Reds right-hander Sal Romano, who opposes Thames and the first-place Milwaukee Brewers on Friday night at Great American Ball Park, already knows the dangers of making a mistake to the power hitter who torments Cincinnati like no other.
Thames beat Romano and the Brewers 2-0 with a two-run home run on April 17. Not satisfied with that, Thames beat the Reds — and this time, Tyler Mahle — with yet another two-run home run in a 2-0 decision the very next day on April 18.
Flash forward to Thursday night, and the Reds — the NL’s hottest team coming in with nine wins in 10 games — are leading 4-2 with two out and two on in the seventh inning. Amir Garrett, especially tough on left-handed hitters, is on the mound. Yet Garrett gave Thames a too-good pitch to hit, and the result was a decisive three-run home run, and the Brewers went on to win 6-4.
“That was a huge hit,” Brewers manager Craig Counsell said. “We were down two (runs) there and Garrett’s been really good. It was a good win. We had a lot of guys do a lot. We had big at-bats in big situations.”
Jesus Aguilar added a tying two-run homer, his 19th, off Reds starter Anthony DeSclafani in the third inning after Cincinnati had gone ahead 2-0 in the first.
For Thames, it was his third consecutive game against Cincinnati with a game-winning homer and it also was his 13th homer, to go with 24 RBIs, in only 20 career games against the NL Central rival Reds. The three homers represent his only three hits against the Reds this season; overall, he’s hit only .234.
Thames hadn’t homered off a left-hander all season, although he had only 13 prior at-bats against lefties. However, he has handled Garrett, homering off him the last three times he’s faced him.
His numbers against the Reds the last two seasons are remarkable: 13 homers, including 10 homers and 17 RBIs in 17 games last season.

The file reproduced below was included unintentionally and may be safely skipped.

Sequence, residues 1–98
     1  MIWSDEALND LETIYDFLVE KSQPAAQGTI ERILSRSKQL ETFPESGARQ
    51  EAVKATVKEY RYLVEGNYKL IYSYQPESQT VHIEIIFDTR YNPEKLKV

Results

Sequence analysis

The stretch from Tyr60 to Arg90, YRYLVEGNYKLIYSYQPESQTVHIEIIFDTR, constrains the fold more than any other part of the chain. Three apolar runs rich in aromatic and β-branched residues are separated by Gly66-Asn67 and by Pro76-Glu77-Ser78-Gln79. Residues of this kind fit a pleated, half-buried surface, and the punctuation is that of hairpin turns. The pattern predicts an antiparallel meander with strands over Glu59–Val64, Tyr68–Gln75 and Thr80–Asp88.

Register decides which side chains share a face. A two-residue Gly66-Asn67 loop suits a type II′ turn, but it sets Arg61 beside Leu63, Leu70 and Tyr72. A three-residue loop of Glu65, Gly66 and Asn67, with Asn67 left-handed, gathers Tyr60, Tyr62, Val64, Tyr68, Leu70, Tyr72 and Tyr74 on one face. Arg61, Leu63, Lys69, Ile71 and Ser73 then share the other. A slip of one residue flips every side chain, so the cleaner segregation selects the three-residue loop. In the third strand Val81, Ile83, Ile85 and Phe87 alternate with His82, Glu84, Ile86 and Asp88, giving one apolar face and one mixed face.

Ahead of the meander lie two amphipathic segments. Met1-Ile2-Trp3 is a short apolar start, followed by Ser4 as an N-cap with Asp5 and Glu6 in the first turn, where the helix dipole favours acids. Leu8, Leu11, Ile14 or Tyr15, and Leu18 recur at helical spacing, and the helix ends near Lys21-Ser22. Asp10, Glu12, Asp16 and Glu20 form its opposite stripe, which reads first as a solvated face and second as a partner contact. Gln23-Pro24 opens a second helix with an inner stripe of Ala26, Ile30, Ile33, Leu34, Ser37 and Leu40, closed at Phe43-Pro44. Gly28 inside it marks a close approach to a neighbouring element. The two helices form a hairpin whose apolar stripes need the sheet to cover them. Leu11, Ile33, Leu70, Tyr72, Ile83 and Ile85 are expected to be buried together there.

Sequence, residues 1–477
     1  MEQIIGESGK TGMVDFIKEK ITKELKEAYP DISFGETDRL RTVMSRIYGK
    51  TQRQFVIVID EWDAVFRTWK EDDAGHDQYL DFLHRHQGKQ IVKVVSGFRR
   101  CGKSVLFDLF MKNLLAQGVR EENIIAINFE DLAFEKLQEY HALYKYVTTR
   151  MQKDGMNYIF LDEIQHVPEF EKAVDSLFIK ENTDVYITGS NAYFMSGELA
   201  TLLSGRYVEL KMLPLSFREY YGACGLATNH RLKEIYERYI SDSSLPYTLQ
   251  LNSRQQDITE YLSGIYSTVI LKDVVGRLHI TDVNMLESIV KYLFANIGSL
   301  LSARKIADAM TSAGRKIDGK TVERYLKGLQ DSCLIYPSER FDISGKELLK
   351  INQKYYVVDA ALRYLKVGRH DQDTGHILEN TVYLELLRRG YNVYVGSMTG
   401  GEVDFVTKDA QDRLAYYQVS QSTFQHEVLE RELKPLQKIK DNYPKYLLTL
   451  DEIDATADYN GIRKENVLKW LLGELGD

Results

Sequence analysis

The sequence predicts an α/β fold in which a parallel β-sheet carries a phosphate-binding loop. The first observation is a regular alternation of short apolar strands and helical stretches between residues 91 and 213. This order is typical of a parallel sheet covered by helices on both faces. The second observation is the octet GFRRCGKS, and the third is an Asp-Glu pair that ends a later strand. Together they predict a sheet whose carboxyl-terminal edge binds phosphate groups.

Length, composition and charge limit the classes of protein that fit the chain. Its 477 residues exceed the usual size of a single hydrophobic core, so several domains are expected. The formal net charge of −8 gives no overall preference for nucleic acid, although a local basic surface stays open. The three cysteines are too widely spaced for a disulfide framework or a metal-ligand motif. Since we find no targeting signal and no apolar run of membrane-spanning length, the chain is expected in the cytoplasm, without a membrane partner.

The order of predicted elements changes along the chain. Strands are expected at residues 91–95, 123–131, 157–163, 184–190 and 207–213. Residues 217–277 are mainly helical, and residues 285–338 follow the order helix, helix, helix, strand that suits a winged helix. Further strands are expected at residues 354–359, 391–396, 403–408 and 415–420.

“Thames has really done damage against us, last year and this year,” Reds interim manager Jim Riggleman said. “We don’t have an answer for him. He’s really hurt us.”
As have the Brewers. They came in with six losses in their previous 10 games, but they’re off to a good start in the four-game series, especially given that the Reds had won 12 of their previous 15 despite being in last place. Milwaukee has won six of seven from Cincinnati this season.
The Reds not only haven’t solved how to beat the Brewers, neither has Romano (4-7). He’s pitched well in two of his last three starts overall, but he’s 0-4 with a 6.27 ERA in four career starts against the Brewers. Ryan Braun gives him trouble, going 5-of-10 (.500) with one homer against him.
The Brewers, who lead the Chicago Cubs by 2 1-2 games in the NL Central, will send out right-hander Chase Anderson (5-6), who has had success against the Reds. He’s 3-1 with a 3.19 ERA against them in eight starts, beating them 7-6 on May 1 despite giving up four runs and six hits in 5 1/3 innings.
One reason for that success is Anderson’s ability to shut down some of the Reds’ top hitters. Eugenio Suarez, who leads the NL with 59 RBIs, is only 2-for-13 (.154) against him, and Scooter Gennett, who leads the league with a .331 average, is 2-for-7 (.286).
The Brewers lost center fielder Christian Yelich to lower back tightness in the first inning Thursday, and it’s been a problem he’s had in the past. His status for Friday and the rest of the series is uncertain.
“It looks like this one is not as bad,” said Yelich, who is hitting .289. “It’s frustrating. We’ll know more in a day or so. Hopefully, we can take care of it.”